Since #MeToo went viral, survivors have been inundated with stories of sexual assault and harassment on a weekly — and for some stretches, daily — basis. But nothing had evoked memories and pains of past traumas in some survivors, and particularly women, as much as the respective testimonies of Dr. Christine Blasey Ford and Judge Brett Kavanaugh. Senators, television personalities and people across the country heard stories from loved ones that they had never been told before. The Rape, Abuse and Incest National Network (RAINN) saw a 388% increase in traffic on its hotline from the Thursday of the hearing to the following Sunday. That Friday was the busiest day in the organization’s 24-year history. No other single #MeToo moment appeared to precipitate that sort of deluge.
Survivors with histories of sexual abuse are at higher risk of exhibiting PTSD symptoms whenever a #MeToo story hits the news, according to Freyd. But such allegations are often blips in the 24-hour news cycle. The Kavanaugh story dragged on, with an apparent strain on many survivors that the Harvey Weinstein and Bill Cosby allegations did not inspire — and it will continue to do so as he takes his seat on the Supreme Court. Experts say that all that has happened could have lasting effects on the psychology of many victims of sexual assault. more
Psychotic depression is a subtype of major depression that occurs when a severe depressive illness includes some form of psychosis. The psychosis could be hallucinations (such as hearing a voice telling you that you are no good or worthless), delusions (such as, intense feelings of worthlessness, failure, or having committed a sin) or some other break with reality. Psychotic depression affects roughly one out of every four people admitted to the hospital for depression. more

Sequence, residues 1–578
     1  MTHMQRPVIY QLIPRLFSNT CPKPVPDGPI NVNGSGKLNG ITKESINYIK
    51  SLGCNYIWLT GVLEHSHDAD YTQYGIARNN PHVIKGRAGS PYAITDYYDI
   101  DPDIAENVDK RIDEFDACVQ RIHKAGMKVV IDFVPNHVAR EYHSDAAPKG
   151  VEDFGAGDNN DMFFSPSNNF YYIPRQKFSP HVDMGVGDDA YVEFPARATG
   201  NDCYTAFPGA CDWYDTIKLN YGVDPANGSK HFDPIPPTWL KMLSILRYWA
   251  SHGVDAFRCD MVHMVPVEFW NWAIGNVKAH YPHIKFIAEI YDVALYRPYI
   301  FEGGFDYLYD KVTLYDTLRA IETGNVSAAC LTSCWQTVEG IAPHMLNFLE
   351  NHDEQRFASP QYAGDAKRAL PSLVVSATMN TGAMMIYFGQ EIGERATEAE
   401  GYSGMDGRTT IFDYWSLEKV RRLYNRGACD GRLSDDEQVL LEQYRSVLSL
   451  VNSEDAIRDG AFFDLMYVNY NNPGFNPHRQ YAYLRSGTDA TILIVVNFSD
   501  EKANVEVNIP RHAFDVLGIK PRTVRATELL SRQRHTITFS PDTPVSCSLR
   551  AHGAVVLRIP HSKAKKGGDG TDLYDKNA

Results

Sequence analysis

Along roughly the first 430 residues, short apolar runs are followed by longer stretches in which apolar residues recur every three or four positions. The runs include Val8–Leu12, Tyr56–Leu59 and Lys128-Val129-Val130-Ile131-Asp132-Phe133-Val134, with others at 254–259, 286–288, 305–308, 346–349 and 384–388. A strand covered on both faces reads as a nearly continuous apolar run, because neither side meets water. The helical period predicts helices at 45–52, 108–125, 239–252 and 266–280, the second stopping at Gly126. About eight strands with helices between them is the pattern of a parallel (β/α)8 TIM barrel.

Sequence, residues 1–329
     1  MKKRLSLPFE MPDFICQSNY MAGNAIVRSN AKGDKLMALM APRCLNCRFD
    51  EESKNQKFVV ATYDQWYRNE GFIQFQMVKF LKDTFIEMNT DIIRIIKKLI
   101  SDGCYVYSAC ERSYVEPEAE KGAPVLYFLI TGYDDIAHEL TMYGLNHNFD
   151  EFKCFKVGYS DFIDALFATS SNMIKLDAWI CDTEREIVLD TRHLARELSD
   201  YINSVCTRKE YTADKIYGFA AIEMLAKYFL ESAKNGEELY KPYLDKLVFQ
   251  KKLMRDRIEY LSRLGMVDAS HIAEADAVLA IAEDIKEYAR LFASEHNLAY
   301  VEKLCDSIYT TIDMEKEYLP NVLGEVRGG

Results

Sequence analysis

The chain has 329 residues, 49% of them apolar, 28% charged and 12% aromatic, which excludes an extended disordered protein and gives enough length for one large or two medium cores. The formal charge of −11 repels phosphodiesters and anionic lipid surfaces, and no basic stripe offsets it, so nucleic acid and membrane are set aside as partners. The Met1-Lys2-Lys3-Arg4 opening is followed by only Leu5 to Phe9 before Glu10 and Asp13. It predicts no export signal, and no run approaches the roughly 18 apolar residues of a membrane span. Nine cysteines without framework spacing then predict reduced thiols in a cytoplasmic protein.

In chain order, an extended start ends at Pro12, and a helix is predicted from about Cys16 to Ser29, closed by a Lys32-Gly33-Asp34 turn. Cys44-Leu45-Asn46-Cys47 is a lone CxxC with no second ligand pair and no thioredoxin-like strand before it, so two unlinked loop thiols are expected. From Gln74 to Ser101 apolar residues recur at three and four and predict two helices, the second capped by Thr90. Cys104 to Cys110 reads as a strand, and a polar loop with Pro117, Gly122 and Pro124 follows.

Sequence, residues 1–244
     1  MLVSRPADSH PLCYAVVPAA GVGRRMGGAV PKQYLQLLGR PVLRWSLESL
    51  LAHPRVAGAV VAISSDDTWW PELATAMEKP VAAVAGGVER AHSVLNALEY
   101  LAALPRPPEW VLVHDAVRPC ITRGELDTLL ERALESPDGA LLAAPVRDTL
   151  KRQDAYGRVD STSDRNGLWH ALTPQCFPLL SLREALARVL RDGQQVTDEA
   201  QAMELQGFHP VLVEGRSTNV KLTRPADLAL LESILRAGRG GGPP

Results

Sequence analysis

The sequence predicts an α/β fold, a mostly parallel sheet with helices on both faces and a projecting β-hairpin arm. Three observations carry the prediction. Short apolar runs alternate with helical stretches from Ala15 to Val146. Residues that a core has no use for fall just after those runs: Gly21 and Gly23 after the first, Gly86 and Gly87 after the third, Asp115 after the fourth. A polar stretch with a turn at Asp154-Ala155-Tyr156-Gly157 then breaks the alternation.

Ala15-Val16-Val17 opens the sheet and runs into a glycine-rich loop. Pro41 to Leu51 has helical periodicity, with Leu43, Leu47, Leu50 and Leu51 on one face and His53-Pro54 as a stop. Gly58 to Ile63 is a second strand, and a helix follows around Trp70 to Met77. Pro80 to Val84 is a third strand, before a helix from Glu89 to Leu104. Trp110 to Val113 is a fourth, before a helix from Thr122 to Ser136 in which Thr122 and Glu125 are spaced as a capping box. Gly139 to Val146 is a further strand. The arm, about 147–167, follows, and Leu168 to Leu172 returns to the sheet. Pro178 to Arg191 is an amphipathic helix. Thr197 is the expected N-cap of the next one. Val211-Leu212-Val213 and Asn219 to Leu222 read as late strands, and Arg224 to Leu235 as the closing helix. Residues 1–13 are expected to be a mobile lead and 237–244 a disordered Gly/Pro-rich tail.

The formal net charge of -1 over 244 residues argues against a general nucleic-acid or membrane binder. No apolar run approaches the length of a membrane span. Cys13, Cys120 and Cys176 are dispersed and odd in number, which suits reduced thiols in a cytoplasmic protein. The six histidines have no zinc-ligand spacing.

The Bathtub Test
During a visit to the mental asylum, a visitor asked the Director what the criterion was which defined whether or not a patient should be institutionalized.
“Well,” said the Director, “we fill up a bathtub, then we offer a teaspoon, a teacup and a bucket to the patient and ask him or her to empty the bathtub.”
“Oh, I understand,” said the visitor. “A normal person would use the bucket because it’s bigger than the spoon or the teacup.”
“No.” said the Director, “A normal person would pull the plug. Do you want a bed near the window?” more
I’ve decided to start a series called 100 Things You Should Know about People. As in: 100 things you should know if you are going to design an effective and persuasive website, web application or software application.
Or maybe just 100 things that everyone should know about humans!
The order that I’ll present these 100 things is going to be pretty random. So the fact that this first one is first doesn’t mean that’s it’s the most important.. just that it came to mind first. more